Research ArticleECOLOGY

Bacterial virulence against an oceanic bloom-forming phytoplankter is mediated by algal DMSP

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Science Advances  24 Oct 2018:
Vol. 4, no. 10, eaau5716
DOI: 10.1126/sciadv.aau5716


Emiliania huxleyi is a bloom-forming microalga that affects the global sulfur cycle by producing large amounts of dimethylsulfoniopropionate (DMSP) and its volatile metabolic product dimethyl sulfide. Top-down regulation of E. huxleyi blooms has been attributed to viruses and grazers; however, the possible involvement of algicidal bacteria in bloom demise has remained elusive. We demonstrate that a Roseobacter strain, Sulfitobacter D7, that we isolated from a North Atlantic E. huxleyi bloom, exhibited algicidal effects against E. huxleyi upon coculturing. Both the alga and the bacterium were found to co-occur during a natural E. huxleyi bloom, therefore establishing this host-pathogen system as an attractive, ecologically relevant model for studying algal-bacterial interactions in the oceans. During interaction, Sulfitobacter D7 consumed and metabolized algal DMSP to produce high amounts of methanethiol, an alternative product of DMSP catabolism. We revealed a unique strain-specific response, in which E. huxleyi strains that exuded higher amounts of DMSP were more susceptible to Sulfitobacter D7 infection. Intriguingly, exogenous application of DMSP enhanced bacterial virulence and induced susceptibility in an algal strain typically resistant to the bacterial pathogen. This enhanced virulence was highly specific to DMSP compared to addition of propionate and glycerol which had no effect on bacterial virulence. We propose a novel function for DMSP, in addition to its central role in mutualistic interactions among marine organisms, as a mediator of bacterial virulence that may regulate E. huxleyi blooms.


Phytoplankton are unicellular, photosynthetic microorganisms that contribute to about half of the estimated global net primary production and therefore serve as the basis of the marine food web (1). Biotic interactions can control the fate of phytoplankton blooms in the ocean, namely, predation by zooplankton, viral infections, and potentially algicidal activity of bacteria (24). One bacterial group highly associated with phytoplankton blooms is the Roseobacter clade (α-proteobacteria) (57), which inhabits diverse marine environments and has a wide variety of metabolic capabilities (811). Moreover, Roseobacters have been found to have a range of direct interactions, from cooperative to pathogenic, with phytoplankton species (1215). These interactions are thought to be mediated by secreted infochemicals (16). Infochemical signaling occurs within the phycosphere, the microenvironment that surrounds algal cells where molecules can accumulate to relatively high effective concentrations (17, 18). The organosulfur compound dimethylsulfoniopropionate (DMSP), as well as its metabolic products, plays a key role in trophic-level interactions (16) and was suggested to act as an infochemical within the phycosphere (19). It is produced by diverse phytoplankton species and is known to mediate algal-bacterial interactions by acting as a chemoattractant (20, 21) and as sulfur and carbon sources for bacterial growth (14, 22, 23).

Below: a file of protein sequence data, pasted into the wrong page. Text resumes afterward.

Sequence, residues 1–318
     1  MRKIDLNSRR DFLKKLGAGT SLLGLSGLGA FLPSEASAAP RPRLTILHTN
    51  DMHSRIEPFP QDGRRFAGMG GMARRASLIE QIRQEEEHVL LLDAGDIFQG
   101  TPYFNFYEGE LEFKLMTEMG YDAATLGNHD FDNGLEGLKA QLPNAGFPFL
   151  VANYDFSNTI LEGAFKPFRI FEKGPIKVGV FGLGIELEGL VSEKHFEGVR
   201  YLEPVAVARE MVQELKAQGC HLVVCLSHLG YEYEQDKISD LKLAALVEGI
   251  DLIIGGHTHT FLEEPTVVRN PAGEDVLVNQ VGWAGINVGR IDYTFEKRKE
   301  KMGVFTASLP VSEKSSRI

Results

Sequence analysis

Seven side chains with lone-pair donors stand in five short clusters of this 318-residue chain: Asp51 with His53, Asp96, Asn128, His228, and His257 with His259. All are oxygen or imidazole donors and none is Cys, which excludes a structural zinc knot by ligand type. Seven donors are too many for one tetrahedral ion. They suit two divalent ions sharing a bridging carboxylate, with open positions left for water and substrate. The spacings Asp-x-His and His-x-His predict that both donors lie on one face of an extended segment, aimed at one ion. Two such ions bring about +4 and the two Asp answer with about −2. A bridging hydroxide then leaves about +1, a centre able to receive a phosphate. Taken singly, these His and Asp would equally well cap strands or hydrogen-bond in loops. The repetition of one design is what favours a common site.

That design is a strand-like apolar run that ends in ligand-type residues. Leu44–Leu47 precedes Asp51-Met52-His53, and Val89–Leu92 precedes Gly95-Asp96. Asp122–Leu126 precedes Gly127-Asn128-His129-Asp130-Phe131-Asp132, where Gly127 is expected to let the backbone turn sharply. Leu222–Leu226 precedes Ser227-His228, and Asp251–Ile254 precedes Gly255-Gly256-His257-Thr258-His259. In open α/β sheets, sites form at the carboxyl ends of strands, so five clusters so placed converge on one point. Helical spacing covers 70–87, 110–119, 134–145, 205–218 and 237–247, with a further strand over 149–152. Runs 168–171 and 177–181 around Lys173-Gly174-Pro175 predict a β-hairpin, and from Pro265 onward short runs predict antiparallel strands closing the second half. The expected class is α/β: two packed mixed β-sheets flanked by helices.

Emiliania huxleyi is a cosmopolitan coccolithophore species that forms massive annual blooms and plays an important role in the global carbon cycle (24, 25). E. huxleyi produces and accumulates DMSP intracellularly (up to 250 mM) (26). It harbors the gene alma1 that encodes a DMSP-lyase responsible for high production of the volatile metabolic product dimethyl sulfide (DMS) (27). Therefore, E. huxleyi blooms contribute to DMS emission to the atmosphere and are thought to largely affect the global sulfur biogeochemical cycle (28). Once emitted to the atmosphere, DMS can undergo oxidation and induce subsequent formation of cloud condensation nuclei (29). The turnover of E. huxleyi blooms is often mediated by infection of E. huxleyi virus that leads to rapid lysis of host cells (3, 30, 31). During the demise of E. huxleyi blooms, an increase in bacterial abundance is observed (32, 33); however, bacterial regulation of the fate of phytoplankton blooms and the cellular mechanisms governing it are largely unknown (4, 6, 7, 34).